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close this bookBasic Concepts in Environment, Agriculture and Natural Resources Management: An Information Kit (IIRR, 1993, 151 p.)
close this folderEcological basics
View the documentEcosystem degradation
View the documentHabitat and niche
View the documentThe food chain
View the documentBiological magnification
View the documentNitrogen cycle
View the documentSociety and the carbon-oxygen cycle
View the documentHealth consequences of environmental degradation
View the documentPopulation and the environment

Society and the carbon-oxygen cycle

Society and the carbon-oxygen cycle

Society and the carbon-oxygen cycle

· Carbon and oxygen are two of the most important elements needed by all living organisms.

· The cycling of carbon and oxygen is closely tied with energy flows in the ecosystem.

· Through the process of photosynthesis, green plants convert carbon from the air (in the form of carbon dioxide) into plans tissue (carbohydrates).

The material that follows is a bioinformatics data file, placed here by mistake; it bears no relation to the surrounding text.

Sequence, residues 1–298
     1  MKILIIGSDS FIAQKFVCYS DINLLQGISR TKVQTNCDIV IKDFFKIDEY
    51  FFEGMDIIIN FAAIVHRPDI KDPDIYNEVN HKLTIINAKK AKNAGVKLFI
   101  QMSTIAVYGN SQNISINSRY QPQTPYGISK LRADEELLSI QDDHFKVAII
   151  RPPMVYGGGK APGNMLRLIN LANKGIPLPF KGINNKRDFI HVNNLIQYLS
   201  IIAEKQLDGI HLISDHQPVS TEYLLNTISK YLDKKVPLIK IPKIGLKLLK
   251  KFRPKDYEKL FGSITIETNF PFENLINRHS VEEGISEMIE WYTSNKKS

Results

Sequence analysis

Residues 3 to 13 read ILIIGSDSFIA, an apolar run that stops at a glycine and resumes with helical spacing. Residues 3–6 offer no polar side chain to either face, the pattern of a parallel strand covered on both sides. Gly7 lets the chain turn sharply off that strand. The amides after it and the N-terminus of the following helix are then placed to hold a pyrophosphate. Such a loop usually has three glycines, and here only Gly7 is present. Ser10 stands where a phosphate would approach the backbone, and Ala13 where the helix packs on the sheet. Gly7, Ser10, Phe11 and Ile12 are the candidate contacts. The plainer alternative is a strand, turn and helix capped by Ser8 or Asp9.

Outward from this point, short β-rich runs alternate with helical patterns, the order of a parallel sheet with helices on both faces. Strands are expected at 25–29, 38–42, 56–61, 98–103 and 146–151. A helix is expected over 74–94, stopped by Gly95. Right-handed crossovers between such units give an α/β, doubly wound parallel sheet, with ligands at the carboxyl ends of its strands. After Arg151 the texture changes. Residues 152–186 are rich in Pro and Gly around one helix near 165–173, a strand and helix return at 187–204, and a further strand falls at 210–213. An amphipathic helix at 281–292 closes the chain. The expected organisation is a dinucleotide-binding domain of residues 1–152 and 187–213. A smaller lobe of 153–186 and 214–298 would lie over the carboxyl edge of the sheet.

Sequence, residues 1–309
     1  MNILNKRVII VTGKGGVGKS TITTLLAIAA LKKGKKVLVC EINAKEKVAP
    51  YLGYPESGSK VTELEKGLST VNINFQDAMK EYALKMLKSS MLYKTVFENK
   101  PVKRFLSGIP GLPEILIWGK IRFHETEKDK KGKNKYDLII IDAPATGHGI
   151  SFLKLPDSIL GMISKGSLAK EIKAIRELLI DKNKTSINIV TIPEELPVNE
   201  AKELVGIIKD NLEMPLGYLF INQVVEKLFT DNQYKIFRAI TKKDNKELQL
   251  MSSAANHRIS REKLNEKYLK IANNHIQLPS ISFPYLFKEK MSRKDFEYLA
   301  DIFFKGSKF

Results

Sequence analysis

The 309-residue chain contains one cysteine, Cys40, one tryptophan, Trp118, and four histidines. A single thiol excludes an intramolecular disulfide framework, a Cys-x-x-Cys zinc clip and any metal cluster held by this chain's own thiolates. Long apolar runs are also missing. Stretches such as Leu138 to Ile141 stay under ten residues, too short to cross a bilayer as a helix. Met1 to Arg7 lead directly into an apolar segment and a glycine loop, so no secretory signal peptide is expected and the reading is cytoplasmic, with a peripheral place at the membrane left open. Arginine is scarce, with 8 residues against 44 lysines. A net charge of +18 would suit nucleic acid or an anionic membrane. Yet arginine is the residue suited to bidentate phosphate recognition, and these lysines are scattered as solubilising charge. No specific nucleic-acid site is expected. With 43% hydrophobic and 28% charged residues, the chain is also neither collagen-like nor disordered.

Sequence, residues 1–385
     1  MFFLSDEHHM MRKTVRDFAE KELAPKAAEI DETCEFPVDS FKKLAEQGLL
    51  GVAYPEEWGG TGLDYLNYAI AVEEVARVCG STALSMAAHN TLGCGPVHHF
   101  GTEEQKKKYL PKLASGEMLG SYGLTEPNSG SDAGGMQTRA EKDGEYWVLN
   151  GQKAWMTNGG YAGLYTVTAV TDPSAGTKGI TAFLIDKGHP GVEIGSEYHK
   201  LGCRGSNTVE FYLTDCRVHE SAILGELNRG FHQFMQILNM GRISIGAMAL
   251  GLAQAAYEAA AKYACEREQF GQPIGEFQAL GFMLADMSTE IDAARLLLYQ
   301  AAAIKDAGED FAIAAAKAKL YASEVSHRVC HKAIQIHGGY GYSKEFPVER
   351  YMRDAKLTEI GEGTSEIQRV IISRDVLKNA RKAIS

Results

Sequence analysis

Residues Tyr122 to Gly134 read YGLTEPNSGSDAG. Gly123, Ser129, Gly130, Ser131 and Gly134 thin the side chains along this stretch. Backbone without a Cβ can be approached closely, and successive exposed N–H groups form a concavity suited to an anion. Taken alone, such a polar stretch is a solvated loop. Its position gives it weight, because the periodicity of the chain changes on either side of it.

· In the process of respiration, oxygen is absorbed by living organisms from the environment and is utilized by living cells as an oxidizing agent. Carbohydrates are broken down to carbon dioxide and water and released again to the atmosphere.

· In nature, the processes of photosynthesis and respiration balance each other. For a long period of time, the concentration of oxygen in the atmosphere remained at 2 l percent while the concentration of carbon dioxide stabilized at 0.03 percent.

· Present human activities release increasingly more amounts of carbon dioxide into the atmosphere and the balance between these two gases is upset.

· Burning of fossil fuels in automobiles, power plants and industry has resulted in the release of large quantities of carbon dioxide and carbon monoxide into the atmosphere.

· Large quantities of carbon dioxide are also released when agricultural residues are burned.

· The forest is an important carbon sink. Forest conversion means removal of a large volume of vegetation that can absorb carbon dioxide from the atmosphere and release oxygen through the process of photosynthesis. Burning of forests directly releases carbon into the atmosphere.

· This increased concentration of carbon dioxide in the atmosphere may cause global climate change with potentially great repercussions for all living organisms, especially humans.